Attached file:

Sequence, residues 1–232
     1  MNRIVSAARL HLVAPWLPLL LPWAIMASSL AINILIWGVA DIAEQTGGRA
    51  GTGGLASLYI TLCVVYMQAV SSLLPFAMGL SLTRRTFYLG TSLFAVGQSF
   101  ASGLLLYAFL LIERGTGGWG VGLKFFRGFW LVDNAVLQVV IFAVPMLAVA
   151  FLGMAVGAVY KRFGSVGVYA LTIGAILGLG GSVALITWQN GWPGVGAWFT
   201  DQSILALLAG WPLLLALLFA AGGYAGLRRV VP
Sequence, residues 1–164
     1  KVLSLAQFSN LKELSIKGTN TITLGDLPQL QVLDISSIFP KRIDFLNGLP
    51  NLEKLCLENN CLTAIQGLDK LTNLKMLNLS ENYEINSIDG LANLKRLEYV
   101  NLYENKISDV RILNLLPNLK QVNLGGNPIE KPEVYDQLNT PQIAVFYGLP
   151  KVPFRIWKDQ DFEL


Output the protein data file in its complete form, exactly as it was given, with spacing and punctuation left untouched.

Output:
Sequence, residues 1–232
     1  MNRIVSAARL HLVAPWLPLL LPWAIMASSL AINILIWGVA DIAEQTGGRA
    51  GTGGLASLYI TLCVVYMQAV SSLLPFAMGL SLTRRTFYLG TSLFAVGQSF
   101  ASGLLLYAFL LIERGTGGWG VGLKFFRGFW LVDNAVLQVV IFAVPMLAVA
   151  FLGMAVGAVY KRFGSVGVYA LTIGAILGLG GSVALITWQN GWPGVGAWFT
   201  DQSILALLAG WPLLLALLFA AGGYAGLRRV VP
Sequence, residues 1–164
     1  KVLSLAQFSN LKELSIKGTN TITLGDLPQL QVLDISSIFP KRIDFLNGLP
    51  NLEKLCLENN CLTAIQGLDK LTNLKMLNLS ENYEINSIDG LANLKRLEYV
   101  NLYENKISDV RILNLLPNLK QVNLGGNPIE KPEVYDQLNT PQIAVFYGLP
   151  KVPFRIWKDQ DFEL